Interesting how books written by a Jewish born sportswriter can make you think about your own Christian faith, but that’s exactly what author Mitch Albom can do. Albom’s genre was originally sports-related, but he skyrocketed to literary celebrity in the late 1990s with his bestselling, Tuesdays with Morrie, followed by The Five People You Meet in Heaven, and For One More Day. My personal favorite is his 2009 non-fiction, Have a Little Faith, about a dying rabbi and an inner city pastor.
Although Tuesdays with Morrie has become a modern classic and continues to sustain popularity with over half a million followers on Facebook alone. Probably because the book addresses human mortality, one of the most challenging and perplexing issues that we all must face.
Confronting death head-on in, Tuesdays with Morrie, Albom interviewed an elderly Morrie Schwartz, who was dying of Lou Gehrig’s disease. In one chapter, the Detroit Free Press columnist quotes Morrie as saying people don’t talk about death, because “no one really believes they are going to die.” But none of us is getting out of here alive unless theology-permitting, the Rapture happens first, because the Bible tells us that our human bodies are wearing out on a daily basis.
For some reason, even though death is all around us, it still comes as quite a shock when it happens in our circle. To explain, when we learn of someone close who loses their child or mate, it’s easy to experience guilt for the gratitude we feel that the tragedy happened to them, instead of to us. We hug our own spouses and kids a little tighter, hoping to stave off this inevitable grim reaper.
Fifteen years ago, the question of mortality began to haunt me again. It had not been so intense since my days as a troubled teen, when I buried several other despairing acquaintances who took their lives. Even though I found myself in an Intensive Care Unit a couple times due to intentional overdoses, my young life was miraculously spared. To honor the memory of my late friends, I appeared in Ginger Stache’s regional Emmy-nominated documentary, “Before You Say Good-Bye.”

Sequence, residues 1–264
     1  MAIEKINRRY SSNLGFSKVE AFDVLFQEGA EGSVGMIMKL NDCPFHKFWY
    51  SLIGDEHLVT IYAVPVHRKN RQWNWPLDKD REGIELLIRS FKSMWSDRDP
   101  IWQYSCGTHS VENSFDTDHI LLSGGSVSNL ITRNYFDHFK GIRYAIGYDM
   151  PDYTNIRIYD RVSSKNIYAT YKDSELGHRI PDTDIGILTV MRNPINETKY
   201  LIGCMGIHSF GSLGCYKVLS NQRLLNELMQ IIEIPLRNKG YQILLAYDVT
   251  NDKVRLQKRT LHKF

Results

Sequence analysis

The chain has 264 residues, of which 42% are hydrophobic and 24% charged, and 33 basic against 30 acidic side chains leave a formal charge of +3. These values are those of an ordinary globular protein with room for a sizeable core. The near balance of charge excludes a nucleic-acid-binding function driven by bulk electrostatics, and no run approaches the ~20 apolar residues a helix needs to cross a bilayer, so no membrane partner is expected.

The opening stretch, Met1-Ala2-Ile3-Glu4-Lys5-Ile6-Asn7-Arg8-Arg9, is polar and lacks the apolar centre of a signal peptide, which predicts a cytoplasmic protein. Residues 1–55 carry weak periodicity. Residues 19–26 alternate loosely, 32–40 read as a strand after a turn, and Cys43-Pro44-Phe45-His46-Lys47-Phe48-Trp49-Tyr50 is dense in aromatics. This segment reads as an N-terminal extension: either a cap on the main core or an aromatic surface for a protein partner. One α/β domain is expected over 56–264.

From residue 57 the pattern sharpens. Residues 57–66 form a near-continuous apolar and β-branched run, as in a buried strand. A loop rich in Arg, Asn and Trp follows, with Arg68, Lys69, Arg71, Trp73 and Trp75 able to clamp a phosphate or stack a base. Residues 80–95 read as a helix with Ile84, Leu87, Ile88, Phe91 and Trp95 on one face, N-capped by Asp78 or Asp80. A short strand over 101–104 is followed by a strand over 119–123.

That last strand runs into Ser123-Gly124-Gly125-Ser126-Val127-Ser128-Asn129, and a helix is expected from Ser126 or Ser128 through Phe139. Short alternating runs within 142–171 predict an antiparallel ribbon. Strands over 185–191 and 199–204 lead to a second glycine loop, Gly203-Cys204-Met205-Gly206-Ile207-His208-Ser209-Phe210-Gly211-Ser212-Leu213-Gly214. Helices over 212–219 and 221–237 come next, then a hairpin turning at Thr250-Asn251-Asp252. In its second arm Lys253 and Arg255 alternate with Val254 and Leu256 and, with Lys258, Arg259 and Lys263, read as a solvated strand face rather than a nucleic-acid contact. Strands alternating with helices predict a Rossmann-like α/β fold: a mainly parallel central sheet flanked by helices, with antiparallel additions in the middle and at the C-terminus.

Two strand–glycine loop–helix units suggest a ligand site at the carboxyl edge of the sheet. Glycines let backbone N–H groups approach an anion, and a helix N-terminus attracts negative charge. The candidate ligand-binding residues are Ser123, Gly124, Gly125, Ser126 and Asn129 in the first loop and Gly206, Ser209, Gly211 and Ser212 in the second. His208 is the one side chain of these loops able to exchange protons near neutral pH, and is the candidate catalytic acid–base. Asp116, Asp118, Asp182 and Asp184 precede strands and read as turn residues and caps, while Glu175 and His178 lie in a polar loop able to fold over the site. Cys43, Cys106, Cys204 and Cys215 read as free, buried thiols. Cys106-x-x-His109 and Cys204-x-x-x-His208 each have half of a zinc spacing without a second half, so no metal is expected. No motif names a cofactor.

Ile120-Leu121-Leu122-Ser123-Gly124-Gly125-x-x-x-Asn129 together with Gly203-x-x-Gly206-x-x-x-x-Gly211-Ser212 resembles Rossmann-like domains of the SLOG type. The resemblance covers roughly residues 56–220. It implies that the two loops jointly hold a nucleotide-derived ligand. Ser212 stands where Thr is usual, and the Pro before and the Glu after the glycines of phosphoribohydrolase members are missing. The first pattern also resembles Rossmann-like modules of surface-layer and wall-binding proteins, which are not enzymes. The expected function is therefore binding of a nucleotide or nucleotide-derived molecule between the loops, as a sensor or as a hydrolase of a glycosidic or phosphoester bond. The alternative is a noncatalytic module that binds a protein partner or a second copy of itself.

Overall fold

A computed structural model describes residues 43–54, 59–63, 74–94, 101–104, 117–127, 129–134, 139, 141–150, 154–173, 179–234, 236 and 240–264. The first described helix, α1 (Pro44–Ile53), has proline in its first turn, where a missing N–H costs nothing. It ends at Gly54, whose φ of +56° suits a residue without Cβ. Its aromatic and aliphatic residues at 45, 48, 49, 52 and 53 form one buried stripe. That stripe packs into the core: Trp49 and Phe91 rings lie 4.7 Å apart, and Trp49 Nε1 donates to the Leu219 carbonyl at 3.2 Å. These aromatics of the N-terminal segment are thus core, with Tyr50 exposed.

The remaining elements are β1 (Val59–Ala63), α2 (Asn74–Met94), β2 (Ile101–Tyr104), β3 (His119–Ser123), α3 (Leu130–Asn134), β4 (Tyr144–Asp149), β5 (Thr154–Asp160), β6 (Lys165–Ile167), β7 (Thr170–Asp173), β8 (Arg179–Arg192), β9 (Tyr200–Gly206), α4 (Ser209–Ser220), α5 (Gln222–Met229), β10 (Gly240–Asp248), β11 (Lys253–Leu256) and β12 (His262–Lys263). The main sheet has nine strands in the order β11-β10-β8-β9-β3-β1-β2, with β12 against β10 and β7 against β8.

I was just one of the folks interviewed by Ms. Stache for the 1997 suicide prevention piece that aired nationwide and in Europe. I shared my testimony of surviving several near fatal suicide attempts as a young woman. Later, I would tell this story over and over in schools, prisons, and churches. It was not the “wanting to die” part, but rather the “grateful that I’m still here” message that I shared. My goal was to offer a glimmer of hope that with God’s help there is always a reason to live.
Still it was Jewish Holocaust survivor, Elizabeth Bing Sondheimer who exposed the truth about my passion to spare others from suicide. She spotted my surivivor’s guilt almost immediately after first meeting me. This wise mentor gently guided me in relinquishing the guilt of surviving when others had not. She, too, lived with this same dilemma losing most of her extended family to Hitler’s diabolical genocide. Liesl taught me renewed awe and gratitude for the gift of life, while finally accepting my purpose birthed through the pain of loss.
After all, suicide is a lot like cancer, without intervention one’s irrational thoughts can result in a tragic decision. When our mental health is jeopardized, the darkness and hopelessness close in, creating despair. This is a time when a hurting person needs help, because it’s never our choice to decide whether life is worth living.
The Bible tells us, “You realize, don’t you, that you are the temple of God, and God himself is present in you?” (I Cor.3:16) Then there’s also, “Or didn’t you realize that your body is a sacred place, the place of the Holy Spirit? Don’t you see that you can’t live however you please, squandering what God paid such a high price for…” (I Cor 6:19) The high price that God paid for each one of us was himself dying a painful and humiliating death on a cross. Jesus died for us to give us what Scripture says should be an “abundant” life.
When life gets rocky, we have to remember that God is still in control. Yet that’s difficult to do when you’re elderly and alone, middle-aged and unemployed, or a troubled teenager like I once was. Sadly, suicide is the third leading cause of death for teens. Nationwide elderly males are at great risk, too. The use of drugs or alcohol also increases the propensity towards suicide.
As believers, we can offer assistance to others struggling by being, “Christ with some skin on.” We can pray, listen, and destigmatize mental health issues by encouraging those battling illnesses like depression and addiction to seek professional help.
Suicide is never a solution. Life is always worth living. If you or someone you love needs help, please talk to a concerned pastor, counselor, or call the National Suicide Prevention Lifeline at 1-800-273-TALK (8255) or click on the logo to visit their Website.
Christina Ryan Claypool is an Amy Award winning freelance journalist and Christian speaker. Her book, Seeds of Hope for Survivors is available through her Website at www.christinaryanclaypool.com.